39. The method for assembling and launching a vehicle as set forth in claim 33, wherein the piston and assembly platform are raised and lowered by means of a hydraulic system.
Description
BACKGROUND OF THE INVENTION

This invention relates generally to launch systems for placing payloads in earth orbit and, more particularly, to solid-propellant launch vehicles that are canister launched.

A limited number of different types of launch vehicles is presently available for placing a wide range of payloads in earth orbit. Payloads span a wide range of weights and volumes and when a particular payload begins to exceed the weight and volume constraints of a given launch vehicle, either a costly and lengthy weight or volume reduction program must be initiated or a much larger and more costly launch vehicle must be used. Payload weight and volume reductions are not only costly, but also lead to more risky designs. For example, weight reductions require lighter weight structural components which are fragile and more elastic. Volume reductions require that antennas, solar panels and other large payload structures be constructed of multiple articulated segments for stowability, while other components must be miniaturized. Multiple articulated segments increase weight and complexity, reduce stiffness, and require additional testing.

Accordingly, there has been a need for a launch vehicle that will easily accommodate any size and weight payload and be less costly to develop, construct and operate than present day launch vehicles. The launch vehicle should be easily launched from a facility that is less costly to construct and operate than present day launch facilities, thus further reducing overall launch costs. Greatly reducing overall launch costs compared to the costs of present day launch systems would remove a major impediment to the full exploitation of space for many military, scientific and commercial endeavors. The present invention is directed to this end.

SUMMARY OF THE INVENTION

The present invention resides in a family of modular solid-propellant launch vehicles and a related launch facility for placing a wide range of payloads in earth orbit at greatly reduced costs compared to present day launch systems. The basic family of modular solid-propellant launch vehicles is constructed from only two sizes of modular solid-propellant rocket motors, a large rocket motor and a small rocket motor. The modular rocket motors are clustered and stacked in various configurations to form the family of launch vehicles. The physical and performance characteristics of the two solid-propellant rocket motors, including weight, vacuum specific impulse and action time, were tailored to maximize the payload capabilities of each member of the launch vehicle family without exceeding predetermined maximum and staging dynamic pressure limits and maximum acceleration limits.

These predetermined limits included an axial acceleration limit of 6.0 g's, a maximum dynamic pressure limit of 3500 psf and a dynamic pressure limit at stage separation of 600 psf. The maximum dynamic pressure limit determines the maximum structural loads imposed on the launch vehicle during flight and the staging dynamic pressure limit determines controllability at stage separation. Low earth orbit trajectory simulations were flown for all members of the launch vehicle family to tailor the physical and performance characteristics of the two rocket motors to maximize payload capabilities without exceeding the predetermined limits. A low earth orbit was selected since this represented the worst case maximum dynamic pressure. The results indicated that the large solid-propellant rocket motor should have a diameter of approximately 83 to 120 inches, a weight of approximately 110,000 to 125,000 pounds, a vacuum specific impulse of approximately 260 to 290 seconds, and an action time of approximately 58 to 90 seconds. The small rocket motor should have the same diameter as the large rocket motor, a weight of approximately 17,000 to 50,000 pounds, a vacuum specific impulse of approximately 270 to 305 seconds, and an action time of approximately 60 to 130 seconds. The diameters of the two modular rocket motors should be identical since structural weight and aerodynamic drag are both higher for configurations with motors having different diameters.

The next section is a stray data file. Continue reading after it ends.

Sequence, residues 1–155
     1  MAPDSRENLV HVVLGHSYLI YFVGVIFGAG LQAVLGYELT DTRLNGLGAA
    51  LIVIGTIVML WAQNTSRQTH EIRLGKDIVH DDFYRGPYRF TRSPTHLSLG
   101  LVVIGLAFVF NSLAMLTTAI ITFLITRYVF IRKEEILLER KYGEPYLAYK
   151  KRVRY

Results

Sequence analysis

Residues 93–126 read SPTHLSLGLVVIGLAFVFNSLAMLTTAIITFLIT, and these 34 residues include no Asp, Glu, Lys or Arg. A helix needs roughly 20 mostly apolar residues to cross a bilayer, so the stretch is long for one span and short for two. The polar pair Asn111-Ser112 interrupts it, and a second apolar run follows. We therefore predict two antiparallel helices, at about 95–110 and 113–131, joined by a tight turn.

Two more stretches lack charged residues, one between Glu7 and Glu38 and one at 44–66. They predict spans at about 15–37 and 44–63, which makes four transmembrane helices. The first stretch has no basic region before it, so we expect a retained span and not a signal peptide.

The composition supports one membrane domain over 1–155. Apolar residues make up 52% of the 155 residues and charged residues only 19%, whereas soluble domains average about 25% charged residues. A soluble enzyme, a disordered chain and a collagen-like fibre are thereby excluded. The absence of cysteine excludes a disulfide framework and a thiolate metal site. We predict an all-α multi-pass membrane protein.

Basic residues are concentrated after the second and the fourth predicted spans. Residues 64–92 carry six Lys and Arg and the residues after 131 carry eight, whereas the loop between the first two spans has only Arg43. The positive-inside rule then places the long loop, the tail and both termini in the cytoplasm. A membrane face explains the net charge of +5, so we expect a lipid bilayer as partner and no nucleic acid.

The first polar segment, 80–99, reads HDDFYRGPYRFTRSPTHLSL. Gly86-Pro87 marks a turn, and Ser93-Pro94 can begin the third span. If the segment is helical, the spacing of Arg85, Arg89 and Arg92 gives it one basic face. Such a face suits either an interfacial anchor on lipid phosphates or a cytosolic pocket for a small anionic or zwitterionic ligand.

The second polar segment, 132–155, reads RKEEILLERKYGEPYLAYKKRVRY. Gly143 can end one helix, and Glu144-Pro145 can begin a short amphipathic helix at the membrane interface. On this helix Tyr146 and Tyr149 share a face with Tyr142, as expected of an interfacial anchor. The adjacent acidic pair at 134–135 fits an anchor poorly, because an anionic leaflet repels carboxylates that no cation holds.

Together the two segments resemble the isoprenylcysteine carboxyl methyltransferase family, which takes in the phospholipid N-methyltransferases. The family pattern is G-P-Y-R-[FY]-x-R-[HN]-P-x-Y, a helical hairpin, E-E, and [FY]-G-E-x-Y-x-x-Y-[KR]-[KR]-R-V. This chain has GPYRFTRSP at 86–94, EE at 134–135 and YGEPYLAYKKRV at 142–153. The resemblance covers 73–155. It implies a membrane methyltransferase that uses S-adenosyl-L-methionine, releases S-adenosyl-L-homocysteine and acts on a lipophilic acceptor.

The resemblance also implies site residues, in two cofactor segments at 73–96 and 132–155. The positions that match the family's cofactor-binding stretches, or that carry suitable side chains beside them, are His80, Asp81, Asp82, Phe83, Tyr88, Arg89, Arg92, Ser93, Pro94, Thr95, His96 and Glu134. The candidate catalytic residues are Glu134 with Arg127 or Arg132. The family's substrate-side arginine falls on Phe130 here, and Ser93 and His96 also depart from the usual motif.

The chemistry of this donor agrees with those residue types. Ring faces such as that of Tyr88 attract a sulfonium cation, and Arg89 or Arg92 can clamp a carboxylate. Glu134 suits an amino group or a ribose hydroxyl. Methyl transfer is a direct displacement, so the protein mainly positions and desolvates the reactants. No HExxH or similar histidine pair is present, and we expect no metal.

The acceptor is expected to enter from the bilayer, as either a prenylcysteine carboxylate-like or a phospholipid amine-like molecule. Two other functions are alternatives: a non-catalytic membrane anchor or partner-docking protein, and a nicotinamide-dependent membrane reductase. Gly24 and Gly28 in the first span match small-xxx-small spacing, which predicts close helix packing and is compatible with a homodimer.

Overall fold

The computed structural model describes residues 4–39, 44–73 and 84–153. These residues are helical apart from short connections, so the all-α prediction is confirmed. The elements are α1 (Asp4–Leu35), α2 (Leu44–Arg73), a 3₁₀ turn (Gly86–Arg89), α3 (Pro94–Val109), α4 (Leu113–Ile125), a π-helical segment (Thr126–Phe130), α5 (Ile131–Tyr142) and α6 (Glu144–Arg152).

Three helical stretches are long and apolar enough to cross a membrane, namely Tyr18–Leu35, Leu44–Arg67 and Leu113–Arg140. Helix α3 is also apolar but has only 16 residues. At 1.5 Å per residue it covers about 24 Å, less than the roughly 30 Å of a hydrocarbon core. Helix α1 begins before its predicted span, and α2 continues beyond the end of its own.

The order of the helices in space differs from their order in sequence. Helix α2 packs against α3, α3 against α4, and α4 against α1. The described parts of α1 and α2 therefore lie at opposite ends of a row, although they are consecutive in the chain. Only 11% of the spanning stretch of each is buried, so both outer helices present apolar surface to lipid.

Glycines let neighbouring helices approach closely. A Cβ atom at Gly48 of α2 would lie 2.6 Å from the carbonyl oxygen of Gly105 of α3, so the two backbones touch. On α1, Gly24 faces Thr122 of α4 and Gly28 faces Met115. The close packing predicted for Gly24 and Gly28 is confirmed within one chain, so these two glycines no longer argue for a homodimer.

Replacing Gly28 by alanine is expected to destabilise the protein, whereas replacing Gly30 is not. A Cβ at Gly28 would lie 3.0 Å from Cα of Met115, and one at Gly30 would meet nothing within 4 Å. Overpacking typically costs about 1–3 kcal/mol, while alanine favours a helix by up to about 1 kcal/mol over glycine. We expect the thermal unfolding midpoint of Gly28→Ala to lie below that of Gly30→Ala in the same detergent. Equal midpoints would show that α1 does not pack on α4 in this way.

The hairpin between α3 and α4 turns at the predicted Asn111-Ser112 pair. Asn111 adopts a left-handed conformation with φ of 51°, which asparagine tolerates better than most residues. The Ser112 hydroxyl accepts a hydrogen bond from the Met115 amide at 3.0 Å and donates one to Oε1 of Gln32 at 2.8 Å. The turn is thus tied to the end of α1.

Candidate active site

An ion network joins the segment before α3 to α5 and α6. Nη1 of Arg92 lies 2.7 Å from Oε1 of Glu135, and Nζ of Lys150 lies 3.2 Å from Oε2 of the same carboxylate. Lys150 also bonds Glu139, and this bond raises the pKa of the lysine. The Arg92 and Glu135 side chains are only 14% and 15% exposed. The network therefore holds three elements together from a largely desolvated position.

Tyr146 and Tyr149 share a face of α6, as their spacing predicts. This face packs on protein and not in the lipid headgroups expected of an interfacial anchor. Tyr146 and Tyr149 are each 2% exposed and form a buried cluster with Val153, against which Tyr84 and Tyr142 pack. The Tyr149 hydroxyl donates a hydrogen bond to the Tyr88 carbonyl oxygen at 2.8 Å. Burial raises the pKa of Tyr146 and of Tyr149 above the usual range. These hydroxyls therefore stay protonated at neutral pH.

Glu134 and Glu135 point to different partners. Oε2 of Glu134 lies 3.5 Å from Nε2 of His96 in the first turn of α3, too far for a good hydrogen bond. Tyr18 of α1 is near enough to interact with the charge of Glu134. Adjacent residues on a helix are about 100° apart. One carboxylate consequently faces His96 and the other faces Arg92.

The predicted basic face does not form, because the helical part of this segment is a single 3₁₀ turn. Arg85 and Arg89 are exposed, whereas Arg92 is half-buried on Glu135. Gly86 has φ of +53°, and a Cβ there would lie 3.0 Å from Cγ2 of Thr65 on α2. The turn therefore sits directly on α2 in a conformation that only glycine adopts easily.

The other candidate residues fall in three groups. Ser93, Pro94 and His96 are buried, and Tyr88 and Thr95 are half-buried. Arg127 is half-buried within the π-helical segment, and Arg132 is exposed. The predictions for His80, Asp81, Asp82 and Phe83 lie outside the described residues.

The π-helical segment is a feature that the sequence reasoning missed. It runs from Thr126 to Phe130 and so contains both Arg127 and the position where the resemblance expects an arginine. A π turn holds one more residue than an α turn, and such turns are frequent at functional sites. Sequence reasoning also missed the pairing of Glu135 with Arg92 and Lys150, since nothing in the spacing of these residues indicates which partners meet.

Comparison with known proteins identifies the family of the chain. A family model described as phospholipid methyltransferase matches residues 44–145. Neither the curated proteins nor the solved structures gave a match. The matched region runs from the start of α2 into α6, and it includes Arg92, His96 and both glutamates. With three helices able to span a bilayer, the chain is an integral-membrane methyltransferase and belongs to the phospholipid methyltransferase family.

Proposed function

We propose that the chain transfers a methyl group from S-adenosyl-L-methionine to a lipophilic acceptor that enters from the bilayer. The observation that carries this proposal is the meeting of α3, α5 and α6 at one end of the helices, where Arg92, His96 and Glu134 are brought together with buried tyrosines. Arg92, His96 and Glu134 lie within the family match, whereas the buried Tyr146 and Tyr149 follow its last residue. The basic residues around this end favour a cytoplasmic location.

The basic family of launch vehicles varies from a two stage launch vehicle having a single small rocket motor stacked on top of a large rocket motor to a three stage launch vehicle having a cluster of five small rocket motors stacked on top of a cluster of five large rocket motors and a cluster of seven large rocket motors. This basic family of launch vehicles of the present invention provides low earth orbital insertion for a wide range of payloads, from approximately 2400 to 32,000 pounds, or geosynchronous orbital insertion for payloads from approximately 850 to 11,350 pounds. The low earth orbit is a 100 nmi orbit at an Inclination of 28.5 and the geosynchronous orbit is a 100 19,323 nmi orbit at an inclination of 28.5.

Strapon rocket motors can be attached to each member of the basic family to increase payload weights. The strapon rocket motors can be either the large modular rocket motor of the present invention or other commercially available strapon rocket motors. Other members of the family of launch vehicles, in addition to the strapon versions, include five-cluster two and three stage versions and seven-cluster two and three stage versions.